However, Scholz could soon be forced to take a clear position on whether heavy weapons can be sent directly from Germany to Ukraine. The Welt am Sonntag newspaper reported that defence contractor Rheinmetall had applied for a licence to sell 100 Marder armoured personnel carriers to Ukraine.
According to the contractor, the Marders could be delivered quickly, but all military exports have to be approved by a committee on which the chancellor sits.
Germany has in the past allowed other countries, including the Netherlands, to send heavy weapons it made to Ukraine.
Separately, Scholz defended his decision not to immediately end German imports of Russian gas in response to the invasion of Ukraine.
"I absolutely do not see how a gas embargo would end the war. If (Russian President Vladimir) Putin were open to economic arguments, he would never have begun this crazy war," Scholz said.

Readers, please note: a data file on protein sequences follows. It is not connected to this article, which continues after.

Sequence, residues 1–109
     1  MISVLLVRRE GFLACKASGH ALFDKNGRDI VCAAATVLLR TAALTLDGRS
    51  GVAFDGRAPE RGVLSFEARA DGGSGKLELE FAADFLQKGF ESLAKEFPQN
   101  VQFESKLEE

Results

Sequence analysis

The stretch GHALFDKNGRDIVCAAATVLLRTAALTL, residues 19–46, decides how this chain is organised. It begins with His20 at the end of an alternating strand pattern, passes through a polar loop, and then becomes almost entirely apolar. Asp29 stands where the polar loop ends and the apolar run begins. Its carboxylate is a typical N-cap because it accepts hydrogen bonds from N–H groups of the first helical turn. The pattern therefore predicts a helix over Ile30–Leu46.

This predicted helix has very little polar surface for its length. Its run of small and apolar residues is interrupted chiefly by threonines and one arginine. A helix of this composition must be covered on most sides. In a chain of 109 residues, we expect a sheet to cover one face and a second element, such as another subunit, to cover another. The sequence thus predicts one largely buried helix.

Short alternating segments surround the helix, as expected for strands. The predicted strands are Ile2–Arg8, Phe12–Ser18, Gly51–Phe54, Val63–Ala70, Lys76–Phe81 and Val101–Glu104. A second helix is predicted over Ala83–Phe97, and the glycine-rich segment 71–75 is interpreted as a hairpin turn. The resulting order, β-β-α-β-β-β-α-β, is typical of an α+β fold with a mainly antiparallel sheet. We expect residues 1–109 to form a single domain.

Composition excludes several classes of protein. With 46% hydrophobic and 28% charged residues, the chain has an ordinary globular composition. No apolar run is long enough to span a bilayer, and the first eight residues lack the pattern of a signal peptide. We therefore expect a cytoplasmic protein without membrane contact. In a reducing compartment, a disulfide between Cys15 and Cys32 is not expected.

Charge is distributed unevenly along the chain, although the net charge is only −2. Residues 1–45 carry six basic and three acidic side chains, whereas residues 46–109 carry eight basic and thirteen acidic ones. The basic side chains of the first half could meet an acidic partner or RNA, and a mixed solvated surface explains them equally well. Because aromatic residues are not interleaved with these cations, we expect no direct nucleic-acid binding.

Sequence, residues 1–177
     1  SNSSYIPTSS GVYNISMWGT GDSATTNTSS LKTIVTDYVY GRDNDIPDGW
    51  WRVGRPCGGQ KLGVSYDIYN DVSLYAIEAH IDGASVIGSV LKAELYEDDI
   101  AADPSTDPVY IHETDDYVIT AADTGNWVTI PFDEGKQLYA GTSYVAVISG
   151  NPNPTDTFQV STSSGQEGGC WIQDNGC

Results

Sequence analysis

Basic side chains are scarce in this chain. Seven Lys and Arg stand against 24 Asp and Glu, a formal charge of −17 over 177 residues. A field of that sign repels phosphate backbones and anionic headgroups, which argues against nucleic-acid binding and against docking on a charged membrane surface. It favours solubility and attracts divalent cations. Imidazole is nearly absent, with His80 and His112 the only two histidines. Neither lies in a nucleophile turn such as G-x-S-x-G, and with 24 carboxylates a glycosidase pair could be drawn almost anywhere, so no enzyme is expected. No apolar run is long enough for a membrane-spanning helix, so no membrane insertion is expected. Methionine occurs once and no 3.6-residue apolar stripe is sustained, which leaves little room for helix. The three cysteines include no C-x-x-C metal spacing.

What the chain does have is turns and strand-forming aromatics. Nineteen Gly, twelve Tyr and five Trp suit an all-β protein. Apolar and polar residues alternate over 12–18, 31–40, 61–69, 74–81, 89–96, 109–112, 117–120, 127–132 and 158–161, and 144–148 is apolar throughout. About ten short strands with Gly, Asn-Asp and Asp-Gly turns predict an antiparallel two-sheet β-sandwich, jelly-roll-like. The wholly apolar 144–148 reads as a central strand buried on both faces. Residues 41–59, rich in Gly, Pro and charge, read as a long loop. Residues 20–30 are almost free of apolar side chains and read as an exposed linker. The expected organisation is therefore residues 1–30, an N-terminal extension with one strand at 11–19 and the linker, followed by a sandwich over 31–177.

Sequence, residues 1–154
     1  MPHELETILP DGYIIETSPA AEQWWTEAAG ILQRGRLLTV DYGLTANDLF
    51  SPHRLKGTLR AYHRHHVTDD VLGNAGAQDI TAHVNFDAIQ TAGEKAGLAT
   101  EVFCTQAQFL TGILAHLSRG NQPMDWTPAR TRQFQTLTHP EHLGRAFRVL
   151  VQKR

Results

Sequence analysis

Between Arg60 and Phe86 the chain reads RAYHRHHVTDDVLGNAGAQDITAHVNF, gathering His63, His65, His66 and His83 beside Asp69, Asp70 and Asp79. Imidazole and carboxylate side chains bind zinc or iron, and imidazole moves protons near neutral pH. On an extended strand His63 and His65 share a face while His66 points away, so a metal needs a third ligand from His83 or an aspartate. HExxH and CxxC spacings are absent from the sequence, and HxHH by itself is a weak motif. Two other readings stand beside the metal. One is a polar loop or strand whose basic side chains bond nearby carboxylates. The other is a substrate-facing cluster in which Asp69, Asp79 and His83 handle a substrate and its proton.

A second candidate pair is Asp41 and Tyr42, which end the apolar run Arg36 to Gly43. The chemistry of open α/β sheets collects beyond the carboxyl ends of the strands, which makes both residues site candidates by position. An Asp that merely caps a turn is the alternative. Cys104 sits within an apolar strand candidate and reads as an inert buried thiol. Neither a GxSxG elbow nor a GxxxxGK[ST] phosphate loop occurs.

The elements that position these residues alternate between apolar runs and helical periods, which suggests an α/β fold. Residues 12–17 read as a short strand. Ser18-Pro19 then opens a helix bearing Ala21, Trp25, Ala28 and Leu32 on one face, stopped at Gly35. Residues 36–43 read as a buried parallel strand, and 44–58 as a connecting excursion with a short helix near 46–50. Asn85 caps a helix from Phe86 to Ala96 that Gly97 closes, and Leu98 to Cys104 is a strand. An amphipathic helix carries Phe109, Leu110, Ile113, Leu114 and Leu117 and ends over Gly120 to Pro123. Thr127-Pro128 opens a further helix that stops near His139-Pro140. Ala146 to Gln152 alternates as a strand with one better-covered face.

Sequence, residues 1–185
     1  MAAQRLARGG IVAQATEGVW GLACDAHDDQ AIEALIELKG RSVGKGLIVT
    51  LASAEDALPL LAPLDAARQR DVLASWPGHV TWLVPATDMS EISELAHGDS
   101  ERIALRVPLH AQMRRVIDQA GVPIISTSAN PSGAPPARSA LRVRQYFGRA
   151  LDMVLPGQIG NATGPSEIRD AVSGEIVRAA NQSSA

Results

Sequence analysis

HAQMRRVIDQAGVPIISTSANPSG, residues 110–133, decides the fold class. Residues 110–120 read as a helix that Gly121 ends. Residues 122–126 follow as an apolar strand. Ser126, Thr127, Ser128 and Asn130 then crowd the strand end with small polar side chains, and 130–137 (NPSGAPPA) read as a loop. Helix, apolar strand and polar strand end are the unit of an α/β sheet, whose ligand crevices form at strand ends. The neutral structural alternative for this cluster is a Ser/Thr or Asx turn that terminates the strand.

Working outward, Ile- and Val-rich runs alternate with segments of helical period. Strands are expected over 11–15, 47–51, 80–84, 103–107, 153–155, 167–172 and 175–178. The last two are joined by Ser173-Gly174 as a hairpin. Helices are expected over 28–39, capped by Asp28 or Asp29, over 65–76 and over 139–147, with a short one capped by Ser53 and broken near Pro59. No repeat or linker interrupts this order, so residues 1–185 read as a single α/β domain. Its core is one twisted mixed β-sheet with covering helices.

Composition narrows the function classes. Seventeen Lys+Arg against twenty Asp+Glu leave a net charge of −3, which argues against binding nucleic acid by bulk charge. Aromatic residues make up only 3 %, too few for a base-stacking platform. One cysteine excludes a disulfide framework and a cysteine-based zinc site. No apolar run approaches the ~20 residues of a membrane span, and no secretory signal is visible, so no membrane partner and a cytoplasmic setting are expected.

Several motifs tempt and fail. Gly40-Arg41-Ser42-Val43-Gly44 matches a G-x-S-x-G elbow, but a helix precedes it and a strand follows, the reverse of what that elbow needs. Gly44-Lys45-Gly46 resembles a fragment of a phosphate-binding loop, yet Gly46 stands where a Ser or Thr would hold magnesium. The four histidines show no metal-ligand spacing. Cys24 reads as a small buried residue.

"Secondly, you act as if this was about money. But it's about avoiding a dramatic economic crisis and the loss of millions of jobs and factories that would never again open their doors."
Scholz said that this would have considerable consequences not just for Germany but also for Europe and the future financing of the reconstruction of Ukraine.
Russia calls its invasion a "special military operation" to demilitarise and "denazify" Ukraine. Kyiv and its Western allies reject that as a false pretext for a war that has killed thousands and uprooted a quarter of Ukraine's population.